4. Recruit It – These core behaviors should be so essential to your organization, you figure out ways to determine how well potential hires have been living them out already. That means you are going to have to examine your recruiting process and implement systems to do this. You may even need to engage a recruiting specialist through CXO5 or another firm to help you design your recruiting process in such a way that you achieve your objectives without violating the law. If you hire people who have a history of not exhibiting your cultural behaviors, what message does that send to your organization? How hard is it going to be to get them to change behaviors inconsistent with the core behaviors of your desired culture? It’s much easier to hire for fit from the beginning.
  5. Engage It – The fifth key to creating a healthy culture is getting the organization to own it. We’ve had clients do all kinds of cool things to engage their teams and create ownership of the core behaviors. Some clients have a behavior of the month and nominate co-workers with the winner or winners getting a cash prize. Others have engaged the artistic side of their teams to find ways to represent each of the core behaviors in a creative way. There is no limit to how creative you can get here so long as that creativity doesn’t run counter to one of your core behaviors. The key is engagement to create ownership.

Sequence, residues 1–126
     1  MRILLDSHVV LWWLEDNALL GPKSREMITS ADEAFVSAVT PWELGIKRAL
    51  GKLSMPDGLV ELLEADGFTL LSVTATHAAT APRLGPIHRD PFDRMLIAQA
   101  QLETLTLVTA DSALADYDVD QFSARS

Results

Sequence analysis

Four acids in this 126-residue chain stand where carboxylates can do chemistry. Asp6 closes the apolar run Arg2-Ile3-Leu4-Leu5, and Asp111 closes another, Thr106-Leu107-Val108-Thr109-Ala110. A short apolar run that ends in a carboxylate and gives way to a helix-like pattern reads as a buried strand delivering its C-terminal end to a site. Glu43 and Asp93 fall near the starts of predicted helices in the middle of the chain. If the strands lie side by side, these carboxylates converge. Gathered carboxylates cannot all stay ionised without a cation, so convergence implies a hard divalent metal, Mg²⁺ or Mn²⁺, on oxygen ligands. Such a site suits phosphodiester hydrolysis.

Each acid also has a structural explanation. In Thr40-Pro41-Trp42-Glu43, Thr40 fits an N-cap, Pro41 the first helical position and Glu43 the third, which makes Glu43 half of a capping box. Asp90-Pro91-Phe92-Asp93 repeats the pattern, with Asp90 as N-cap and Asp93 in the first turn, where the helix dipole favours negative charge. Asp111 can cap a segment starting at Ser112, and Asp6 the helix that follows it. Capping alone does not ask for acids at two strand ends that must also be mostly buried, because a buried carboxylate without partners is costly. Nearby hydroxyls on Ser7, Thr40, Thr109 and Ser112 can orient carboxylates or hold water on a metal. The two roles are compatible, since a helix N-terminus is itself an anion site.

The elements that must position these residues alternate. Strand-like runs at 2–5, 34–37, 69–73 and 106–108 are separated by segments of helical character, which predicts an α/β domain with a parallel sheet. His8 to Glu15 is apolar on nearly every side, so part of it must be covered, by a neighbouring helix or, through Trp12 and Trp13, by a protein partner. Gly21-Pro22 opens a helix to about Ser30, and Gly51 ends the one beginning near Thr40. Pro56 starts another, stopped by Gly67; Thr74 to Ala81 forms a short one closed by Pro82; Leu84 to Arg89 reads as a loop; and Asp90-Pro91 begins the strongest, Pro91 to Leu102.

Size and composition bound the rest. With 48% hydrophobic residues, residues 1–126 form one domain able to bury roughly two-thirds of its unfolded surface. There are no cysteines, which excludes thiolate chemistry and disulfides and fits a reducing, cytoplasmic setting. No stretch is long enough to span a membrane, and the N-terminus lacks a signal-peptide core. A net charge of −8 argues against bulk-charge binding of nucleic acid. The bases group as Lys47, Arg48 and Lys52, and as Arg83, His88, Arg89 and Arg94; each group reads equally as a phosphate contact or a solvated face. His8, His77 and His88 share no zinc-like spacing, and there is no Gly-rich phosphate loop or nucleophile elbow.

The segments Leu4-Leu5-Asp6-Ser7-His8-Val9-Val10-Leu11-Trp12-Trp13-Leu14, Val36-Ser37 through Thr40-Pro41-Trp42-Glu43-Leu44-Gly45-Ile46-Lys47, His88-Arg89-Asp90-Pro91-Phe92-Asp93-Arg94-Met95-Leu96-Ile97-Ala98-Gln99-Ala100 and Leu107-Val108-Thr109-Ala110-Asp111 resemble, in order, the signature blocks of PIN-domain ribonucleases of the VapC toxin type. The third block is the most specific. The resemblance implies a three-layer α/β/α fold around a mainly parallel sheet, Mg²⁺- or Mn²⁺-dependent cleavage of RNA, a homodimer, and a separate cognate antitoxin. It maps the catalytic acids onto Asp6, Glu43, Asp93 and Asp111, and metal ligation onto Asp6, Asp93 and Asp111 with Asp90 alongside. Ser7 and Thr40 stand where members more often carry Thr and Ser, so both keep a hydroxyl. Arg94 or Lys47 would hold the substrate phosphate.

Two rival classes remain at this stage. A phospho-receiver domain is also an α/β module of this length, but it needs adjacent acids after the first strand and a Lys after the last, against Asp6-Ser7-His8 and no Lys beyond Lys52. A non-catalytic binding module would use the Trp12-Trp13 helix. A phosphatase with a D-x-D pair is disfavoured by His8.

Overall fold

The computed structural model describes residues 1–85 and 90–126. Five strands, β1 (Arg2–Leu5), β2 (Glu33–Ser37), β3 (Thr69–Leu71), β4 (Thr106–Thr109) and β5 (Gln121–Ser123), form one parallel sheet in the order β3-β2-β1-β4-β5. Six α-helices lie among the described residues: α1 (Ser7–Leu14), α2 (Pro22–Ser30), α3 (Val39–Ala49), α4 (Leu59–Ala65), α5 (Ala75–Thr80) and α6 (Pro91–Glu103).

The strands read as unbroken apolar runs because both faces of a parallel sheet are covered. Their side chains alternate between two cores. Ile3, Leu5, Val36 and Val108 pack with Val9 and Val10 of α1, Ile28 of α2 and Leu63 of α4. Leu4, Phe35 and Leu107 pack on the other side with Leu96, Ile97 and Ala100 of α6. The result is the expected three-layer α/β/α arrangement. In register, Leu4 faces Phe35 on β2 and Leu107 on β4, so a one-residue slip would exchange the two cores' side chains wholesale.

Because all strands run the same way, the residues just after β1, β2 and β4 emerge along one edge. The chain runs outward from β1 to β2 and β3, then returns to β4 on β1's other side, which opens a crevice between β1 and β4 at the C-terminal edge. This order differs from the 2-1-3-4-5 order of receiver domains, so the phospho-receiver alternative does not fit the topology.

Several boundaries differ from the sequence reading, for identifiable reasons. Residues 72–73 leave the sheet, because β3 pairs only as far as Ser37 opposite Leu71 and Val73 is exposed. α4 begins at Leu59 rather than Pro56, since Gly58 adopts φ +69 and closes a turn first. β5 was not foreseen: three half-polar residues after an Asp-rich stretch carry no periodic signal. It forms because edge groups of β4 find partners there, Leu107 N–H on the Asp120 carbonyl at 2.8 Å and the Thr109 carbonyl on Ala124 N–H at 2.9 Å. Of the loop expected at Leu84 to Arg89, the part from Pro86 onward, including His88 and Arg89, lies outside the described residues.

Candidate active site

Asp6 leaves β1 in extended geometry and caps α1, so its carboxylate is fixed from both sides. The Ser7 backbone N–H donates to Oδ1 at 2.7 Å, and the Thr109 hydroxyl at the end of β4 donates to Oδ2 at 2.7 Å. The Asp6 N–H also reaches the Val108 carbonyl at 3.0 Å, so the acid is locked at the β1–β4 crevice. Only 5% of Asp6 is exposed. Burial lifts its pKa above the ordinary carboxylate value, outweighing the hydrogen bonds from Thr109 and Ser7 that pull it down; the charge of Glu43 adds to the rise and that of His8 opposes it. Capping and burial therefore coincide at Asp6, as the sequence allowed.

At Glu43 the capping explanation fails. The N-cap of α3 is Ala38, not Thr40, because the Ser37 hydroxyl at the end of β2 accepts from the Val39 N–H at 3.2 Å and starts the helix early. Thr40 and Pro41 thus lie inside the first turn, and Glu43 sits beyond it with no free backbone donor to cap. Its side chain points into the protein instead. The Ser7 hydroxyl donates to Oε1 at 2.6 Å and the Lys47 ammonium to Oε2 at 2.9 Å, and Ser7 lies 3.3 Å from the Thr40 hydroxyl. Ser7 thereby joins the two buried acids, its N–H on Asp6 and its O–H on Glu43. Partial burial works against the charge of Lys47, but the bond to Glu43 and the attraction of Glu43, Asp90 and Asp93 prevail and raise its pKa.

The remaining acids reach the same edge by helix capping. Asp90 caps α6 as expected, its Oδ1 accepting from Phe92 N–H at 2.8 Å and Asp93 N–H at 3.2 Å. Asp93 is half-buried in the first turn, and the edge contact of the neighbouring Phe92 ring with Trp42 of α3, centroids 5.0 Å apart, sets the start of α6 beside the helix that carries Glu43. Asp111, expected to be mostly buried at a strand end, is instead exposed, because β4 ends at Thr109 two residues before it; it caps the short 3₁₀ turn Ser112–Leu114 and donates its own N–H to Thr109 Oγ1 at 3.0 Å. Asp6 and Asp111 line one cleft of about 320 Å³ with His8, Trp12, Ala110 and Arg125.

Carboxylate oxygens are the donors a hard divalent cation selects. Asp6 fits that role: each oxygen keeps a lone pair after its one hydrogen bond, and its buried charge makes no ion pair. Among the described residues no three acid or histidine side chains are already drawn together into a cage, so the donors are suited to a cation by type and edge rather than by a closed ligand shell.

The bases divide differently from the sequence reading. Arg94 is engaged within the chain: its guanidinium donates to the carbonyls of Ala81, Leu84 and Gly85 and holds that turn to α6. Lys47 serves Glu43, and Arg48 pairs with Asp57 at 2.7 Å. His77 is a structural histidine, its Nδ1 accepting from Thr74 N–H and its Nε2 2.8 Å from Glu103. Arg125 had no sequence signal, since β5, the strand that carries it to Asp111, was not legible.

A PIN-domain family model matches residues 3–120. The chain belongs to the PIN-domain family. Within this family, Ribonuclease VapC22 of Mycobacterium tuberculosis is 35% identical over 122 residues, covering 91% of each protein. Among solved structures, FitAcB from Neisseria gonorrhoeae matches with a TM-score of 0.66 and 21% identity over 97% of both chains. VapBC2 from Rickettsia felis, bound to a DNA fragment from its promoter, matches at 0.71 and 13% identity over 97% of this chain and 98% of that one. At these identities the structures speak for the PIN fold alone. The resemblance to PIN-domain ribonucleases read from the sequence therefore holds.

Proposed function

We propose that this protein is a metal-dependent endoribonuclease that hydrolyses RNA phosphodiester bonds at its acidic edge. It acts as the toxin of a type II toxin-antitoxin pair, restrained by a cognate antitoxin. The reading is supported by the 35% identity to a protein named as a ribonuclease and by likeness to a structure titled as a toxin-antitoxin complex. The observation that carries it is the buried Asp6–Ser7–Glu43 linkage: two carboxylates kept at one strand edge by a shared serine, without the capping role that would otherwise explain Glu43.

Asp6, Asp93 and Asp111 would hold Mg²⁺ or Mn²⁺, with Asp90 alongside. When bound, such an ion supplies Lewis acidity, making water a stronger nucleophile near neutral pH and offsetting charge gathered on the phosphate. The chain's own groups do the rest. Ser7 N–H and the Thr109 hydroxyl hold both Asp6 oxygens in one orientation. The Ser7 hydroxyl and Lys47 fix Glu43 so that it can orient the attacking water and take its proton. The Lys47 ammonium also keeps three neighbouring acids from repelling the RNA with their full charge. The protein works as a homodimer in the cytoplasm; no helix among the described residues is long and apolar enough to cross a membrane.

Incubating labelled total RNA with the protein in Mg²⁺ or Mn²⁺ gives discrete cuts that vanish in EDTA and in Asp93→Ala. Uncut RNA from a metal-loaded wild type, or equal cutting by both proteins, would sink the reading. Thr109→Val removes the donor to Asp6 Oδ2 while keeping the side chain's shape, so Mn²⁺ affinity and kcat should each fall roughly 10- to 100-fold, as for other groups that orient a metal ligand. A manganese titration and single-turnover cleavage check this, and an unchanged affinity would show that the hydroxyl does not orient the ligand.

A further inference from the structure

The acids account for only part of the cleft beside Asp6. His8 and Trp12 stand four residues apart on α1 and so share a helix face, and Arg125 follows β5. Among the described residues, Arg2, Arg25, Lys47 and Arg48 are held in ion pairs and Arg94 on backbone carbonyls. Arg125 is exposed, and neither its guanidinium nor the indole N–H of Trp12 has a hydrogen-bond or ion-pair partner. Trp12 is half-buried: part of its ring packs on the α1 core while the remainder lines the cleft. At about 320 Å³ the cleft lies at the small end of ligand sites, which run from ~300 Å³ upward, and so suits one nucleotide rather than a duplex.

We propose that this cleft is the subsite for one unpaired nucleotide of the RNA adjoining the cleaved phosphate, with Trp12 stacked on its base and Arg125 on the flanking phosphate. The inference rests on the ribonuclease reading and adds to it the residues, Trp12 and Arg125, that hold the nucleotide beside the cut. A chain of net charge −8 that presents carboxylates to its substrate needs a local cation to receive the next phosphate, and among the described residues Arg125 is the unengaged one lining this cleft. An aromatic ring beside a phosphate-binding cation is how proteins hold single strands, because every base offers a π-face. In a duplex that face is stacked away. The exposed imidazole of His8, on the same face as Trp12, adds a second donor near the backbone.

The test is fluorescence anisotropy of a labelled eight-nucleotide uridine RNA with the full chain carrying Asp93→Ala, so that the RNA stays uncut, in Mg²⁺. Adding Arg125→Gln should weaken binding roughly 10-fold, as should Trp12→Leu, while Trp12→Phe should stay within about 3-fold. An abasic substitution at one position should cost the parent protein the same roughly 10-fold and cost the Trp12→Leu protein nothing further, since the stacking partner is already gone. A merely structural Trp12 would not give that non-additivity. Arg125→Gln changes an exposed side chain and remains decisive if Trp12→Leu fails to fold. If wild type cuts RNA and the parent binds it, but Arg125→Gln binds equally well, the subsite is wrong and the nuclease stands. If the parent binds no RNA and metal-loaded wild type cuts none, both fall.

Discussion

Creating a healthy culture takes intentionality and consistent, hard work. It begins by getting everyone on the same page to define it. Then ALL the leadership needs to model it. The decision-making and evaluation systems of the organization should reinforce the desired behaviors, and, when you are making a new hire, recruit someone who is already living them out. Finally, create ownership by engaging everyone in the organization in understanding the core behaviors, owning them, and holding one another accountable to them.  A proven framework exists that has helped thousands of companies create strong organizational health that skyrockets revenue.  Learn more about Entrepreneurial Operating System

Yes, it’s hard work, but the payoff is absolutely worth it.